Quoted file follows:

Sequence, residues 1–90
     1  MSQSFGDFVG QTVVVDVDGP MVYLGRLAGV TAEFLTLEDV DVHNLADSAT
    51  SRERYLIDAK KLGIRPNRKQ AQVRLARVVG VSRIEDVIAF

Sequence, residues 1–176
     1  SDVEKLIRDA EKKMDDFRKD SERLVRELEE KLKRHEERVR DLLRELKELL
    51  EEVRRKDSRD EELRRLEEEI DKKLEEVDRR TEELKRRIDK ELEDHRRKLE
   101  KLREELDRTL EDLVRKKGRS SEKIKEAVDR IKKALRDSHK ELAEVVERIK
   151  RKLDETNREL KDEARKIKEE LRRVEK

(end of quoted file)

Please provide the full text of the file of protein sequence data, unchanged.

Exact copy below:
Sequence, residues 1–90
     1  MSQSFGDFVG QTVVVDVDGP MVYLGRLAGV TAEFLTLEDV DVHNLADSAT
    51  SRERYLIDAK KLGIRPNRKQ AQVRLARVVG VSRIEDVIAF

Sequence, residues 1–176
     1  SDVEKLIRDA EKKMDDFRKD SERLVRELEE KLKRHEERVR DLLRELKELL
    51  EEVRRKDSRD EELRRLEEEI DKKLEEVDRR TEELKRRIDK ELEDHRRKLE
   101  KLREELDRTL EDLVRKKGRS SEKIKEAVDR IKKALRDSHK ELAEVVERIK
   151  RKLDETNREL KDEARKIKEE LRRVEK